Power Play - "I will not be making any further comment" is a well-worn line from the political disaster playbook but National leader Todd Muller is dreaming if he thinks it will wash after his MP leaked the private details of COVID-19 patients to the media.
Clutha-Southland MP Hamish Walker has been stripped of his portfolios after he informed his leader he was responsible for a leak that is now subject to an independent State Services inquiry.
But it's difficult to see how he'll survive this political storm when he kept his role in the leak quiet for four days, and questions remain as to when exactly he told Muller and how long the leadership sat on the information.
RNZ was one of three media organisations that received personal details, including names, ages, addresses and quarantine locations, of the 18 COVID-19 active cases in the country as of last week.
RNZ made a commitment to Walker before receiving the information, not to name him as the source.
At the time RNZ received the information, Walker was being interviewed about a media statement he had sent out that had been labelled "racist" after it said up to 11,000 people arriving from overseas could be destined for quarantine in the south without any consultation with the community.
"It's absolutely disgraceful that the community hasn't been consulted on this,'' Walker had written.
"These people are possibly heading for Dunedin, Invercargill and Queenstown from India, Pakistan and Korea," he said.
In an attempt to defend his comments, Walker told RNZ he would send information showing the country of origin of the COVID-19 cases.
He said RNZ could put the information to the minister-in-charge of quarantine and isolation, Megan Woods, on the agreement he remained anonymous.
RNZ did not anticipate being sent such a serious privacy breach.
In Walker's media statement on Tuesday, he used a different explanation for leaking the details.
"I did this to expose the Government's shortcomings so they would be rectified.
"The information that I received was not password protected by the Government. It was not stored on a secure system where authorised people needed to log on. There was no redaction to protect patient details, and no confidentiality statement on the document.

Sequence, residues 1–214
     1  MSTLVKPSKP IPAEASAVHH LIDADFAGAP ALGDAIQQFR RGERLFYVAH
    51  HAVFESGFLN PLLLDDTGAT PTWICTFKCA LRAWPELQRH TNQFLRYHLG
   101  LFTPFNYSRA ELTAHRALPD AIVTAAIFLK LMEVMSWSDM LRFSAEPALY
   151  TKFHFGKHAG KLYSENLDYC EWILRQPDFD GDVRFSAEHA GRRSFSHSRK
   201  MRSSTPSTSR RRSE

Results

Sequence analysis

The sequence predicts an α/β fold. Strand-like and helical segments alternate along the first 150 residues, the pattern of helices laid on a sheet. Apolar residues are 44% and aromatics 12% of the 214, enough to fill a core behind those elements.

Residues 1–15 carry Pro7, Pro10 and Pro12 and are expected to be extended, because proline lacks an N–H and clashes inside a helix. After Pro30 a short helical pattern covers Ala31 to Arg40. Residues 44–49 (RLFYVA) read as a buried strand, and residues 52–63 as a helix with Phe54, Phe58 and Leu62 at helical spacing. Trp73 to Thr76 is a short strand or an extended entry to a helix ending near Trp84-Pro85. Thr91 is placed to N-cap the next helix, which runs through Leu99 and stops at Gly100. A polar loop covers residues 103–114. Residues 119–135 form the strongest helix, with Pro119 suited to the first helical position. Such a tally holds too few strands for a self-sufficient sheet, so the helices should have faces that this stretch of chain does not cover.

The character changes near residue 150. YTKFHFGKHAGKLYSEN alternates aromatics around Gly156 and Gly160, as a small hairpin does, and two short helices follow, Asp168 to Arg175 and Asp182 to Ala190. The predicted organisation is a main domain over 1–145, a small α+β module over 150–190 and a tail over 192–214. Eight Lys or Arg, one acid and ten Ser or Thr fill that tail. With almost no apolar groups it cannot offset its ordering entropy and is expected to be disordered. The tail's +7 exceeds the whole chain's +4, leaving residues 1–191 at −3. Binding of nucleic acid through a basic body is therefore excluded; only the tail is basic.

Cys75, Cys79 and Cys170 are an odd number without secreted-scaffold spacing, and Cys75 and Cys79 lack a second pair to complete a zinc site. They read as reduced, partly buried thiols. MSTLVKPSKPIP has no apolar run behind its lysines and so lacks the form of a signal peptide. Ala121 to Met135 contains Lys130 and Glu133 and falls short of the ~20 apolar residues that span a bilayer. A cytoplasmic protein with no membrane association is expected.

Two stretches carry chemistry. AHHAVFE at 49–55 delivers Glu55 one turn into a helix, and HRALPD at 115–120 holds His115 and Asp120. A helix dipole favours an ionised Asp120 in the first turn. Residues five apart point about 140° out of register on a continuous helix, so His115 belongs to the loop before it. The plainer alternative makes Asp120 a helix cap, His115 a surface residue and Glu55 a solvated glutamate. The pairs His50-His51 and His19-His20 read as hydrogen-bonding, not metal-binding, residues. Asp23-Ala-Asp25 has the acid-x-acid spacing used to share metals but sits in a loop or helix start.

"I made serious allegations against the Government's COVID-19 response and passed on this information to prove those allegations,'' he said.
The leak goes public
On Saturday RNZ reported it had received the leaked information but didn't disclose any of the private details or its source.
The National Party immediately responded - Muller declared it unacceptable and "shabby'' and said he'd first heard about it through media reports.
He said the breach was, "quite staggering, it talks to a Government that's slipping off the side of a cliff, in terms of managing this issue, the border, the information pertaining to it.
"Is it a deliberate leak or is it accidental? It doesn't really matter at a level... it's loose, it's shabby and it's a reminder these guys can't manage important things well."
The party's spokesperson for health, Michael Woodhouse, said this was "yet another serious failing" that showed the Government was not capable of managing COVID-19.
For four days Walker kept quiet about his involvement, even after Queen's Counsel Michael Heron was appointed to lead the inquiry on Monday.
It wasn't only Walker involved though.
Enter Michelle Boag
Shortly after Walker's statement coming clean on Tuesday, former National Party president Michelle Boag put out her own media release saying she had passed on the information.
Boag has resigned from her role as acting chief executive of the Auckland Rescue Helicopter Trust as a result of leak, though she said she received the details via her personal email address.
She said she didn't anticipate Walker would pass the details onto the media.
Both Boag and Walker are now likely to face the scrutiny of Heron, but questions remain over when they realised the inquiry underway was actually on the hunt for them.
And how long was it before they put their hand up to their respective bosses?
RNZ contacted Muller's chief press secretary on Monday afternoon asking to speak to the party leader or another MP about the announcement of an inquiry.
The reply via text was, "it's recess so I'm having trouble getting someone. Will listen to the post-Cab presser and get back to you".
It was followed up by another text saying, "we won't be commenting on this at the moment".
This was a complete U-turn from a party happy to comment on the leak on multiple occasions up until this point.
But that was also more than 24 hours before Walker went public with his involvement.
Just who knew what - and when - remains unclear.
State Services Minister Chris Hipkins probably summed it up best when he arrived at his media conference last night and started with, "ummmm, where to begin?"